Indeed, the comrade’s depiction of the position of the Scots working class is even more factually egregious. As this writer tried to show in his last contribution to the discussion, its members were never quite as deeply merged into any single British nation as Cde. Ed. would have us believe, or indeed as were the Scottish bourgeoisie. The reason for this was, of course, that the union was not just about granting Scots entrepreneurs access to English colonies, but about granting them access to the resources of the stronger English state in their task of modernising (eighteenth century style) their own country, as they had not been able to do even with the reformation. This meant crushing recalcitrant plebeians and proletarianising what was left. Scotland was industrialised in a far shorter period than England, with a greater degree of oppression accompanying it. The Scots workers saw that they were oppressed not just by their own capitalists but, and decisively, by the united state apparatus of England and Scotland. It should be said that the balance of forces meant that they would have been smashed eventually by an independent Scottish capitalist state, but it would have taken much longer.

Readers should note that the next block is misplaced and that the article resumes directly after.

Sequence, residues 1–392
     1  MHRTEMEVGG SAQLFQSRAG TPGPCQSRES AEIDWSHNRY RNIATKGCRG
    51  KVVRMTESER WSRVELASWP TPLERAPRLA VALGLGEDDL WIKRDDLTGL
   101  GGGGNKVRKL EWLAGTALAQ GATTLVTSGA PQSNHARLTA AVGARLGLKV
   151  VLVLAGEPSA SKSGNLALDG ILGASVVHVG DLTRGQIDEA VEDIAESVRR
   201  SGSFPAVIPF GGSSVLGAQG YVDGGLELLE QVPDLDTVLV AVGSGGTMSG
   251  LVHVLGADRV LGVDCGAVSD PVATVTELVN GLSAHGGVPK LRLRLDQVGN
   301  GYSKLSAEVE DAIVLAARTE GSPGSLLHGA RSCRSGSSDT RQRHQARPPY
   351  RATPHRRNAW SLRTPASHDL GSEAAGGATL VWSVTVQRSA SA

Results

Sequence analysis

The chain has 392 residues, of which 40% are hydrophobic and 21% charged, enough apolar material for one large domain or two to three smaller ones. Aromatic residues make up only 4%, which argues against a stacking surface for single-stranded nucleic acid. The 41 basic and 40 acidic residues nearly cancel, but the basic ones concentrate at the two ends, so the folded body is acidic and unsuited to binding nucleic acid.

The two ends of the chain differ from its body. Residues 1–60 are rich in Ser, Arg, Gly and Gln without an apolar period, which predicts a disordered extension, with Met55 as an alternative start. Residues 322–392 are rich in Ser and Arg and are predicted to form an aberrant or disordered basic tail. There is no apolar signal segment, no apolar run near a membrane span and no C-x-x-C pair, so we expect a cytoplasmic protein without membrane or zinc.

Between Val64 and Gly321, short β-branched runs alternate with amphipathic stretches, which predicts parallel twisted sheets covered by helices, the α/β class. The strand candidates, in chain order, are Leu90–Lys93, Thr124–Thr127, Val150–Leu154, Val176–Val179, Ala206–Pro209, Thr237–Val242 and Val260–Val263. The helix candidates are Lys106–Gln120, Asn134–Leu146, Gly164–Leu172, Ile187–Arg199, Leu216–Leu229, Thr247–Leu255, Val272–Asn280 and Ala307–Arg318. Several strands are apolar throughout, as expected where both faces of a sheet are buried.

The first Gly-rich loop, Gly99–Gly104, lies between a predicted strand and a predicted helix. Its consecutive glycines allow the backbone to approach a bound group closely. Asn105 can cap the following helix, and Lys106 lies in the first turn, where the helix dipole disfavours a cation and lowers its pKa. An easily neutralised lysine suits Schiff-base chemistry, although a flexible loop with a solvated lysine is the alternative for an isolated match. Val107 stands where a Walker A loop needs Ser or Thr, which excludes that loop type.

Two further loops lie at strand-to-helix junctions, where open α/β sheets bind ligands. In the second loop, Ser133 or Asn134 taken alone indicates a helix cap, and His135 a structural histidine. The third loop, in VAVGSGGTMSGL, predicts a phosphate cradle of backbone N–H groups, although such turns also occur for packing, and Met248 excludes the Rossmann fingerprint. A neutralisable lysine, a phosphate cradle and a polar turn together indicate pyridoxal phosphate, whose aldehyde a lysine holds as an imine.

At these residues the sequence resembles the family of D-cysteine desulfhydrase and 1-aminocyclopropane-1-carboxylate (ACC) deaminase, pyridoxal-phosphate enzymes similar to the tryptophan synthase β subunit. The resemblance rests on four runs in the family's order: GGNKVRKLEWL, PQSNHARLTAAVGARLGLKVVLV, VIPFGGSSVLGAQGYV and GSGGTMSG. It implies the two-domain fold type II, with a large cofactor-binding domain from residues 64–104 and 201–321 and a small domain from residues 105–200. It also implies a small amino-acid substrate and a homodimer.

To this should be added the 1919 experience of Red Glasgow; the comrade invokes an imaginary parallel “Red Oslo”; if this had existed, he suggests that the working class case for Norwegian separation would be weakened if not destroyed altogether. If actual Glasgow is put in the place of the mythical Oslo, the argument falls. The fact is that, although heading a state wide engineering strike, the Glasgow workers stood almost alone. Only Belfast matched them, mainly because the government’s Unionist majority treated it with kid gloves lest these islands’ strongest group of conservative workers be alienated. The English strikes crumbled in days; Glasgow held out for two weeks, before being smashed by British troops on the Green. If this was not the basis of the idea of the superior militancy of the Scot workers, it was a major contribution to it.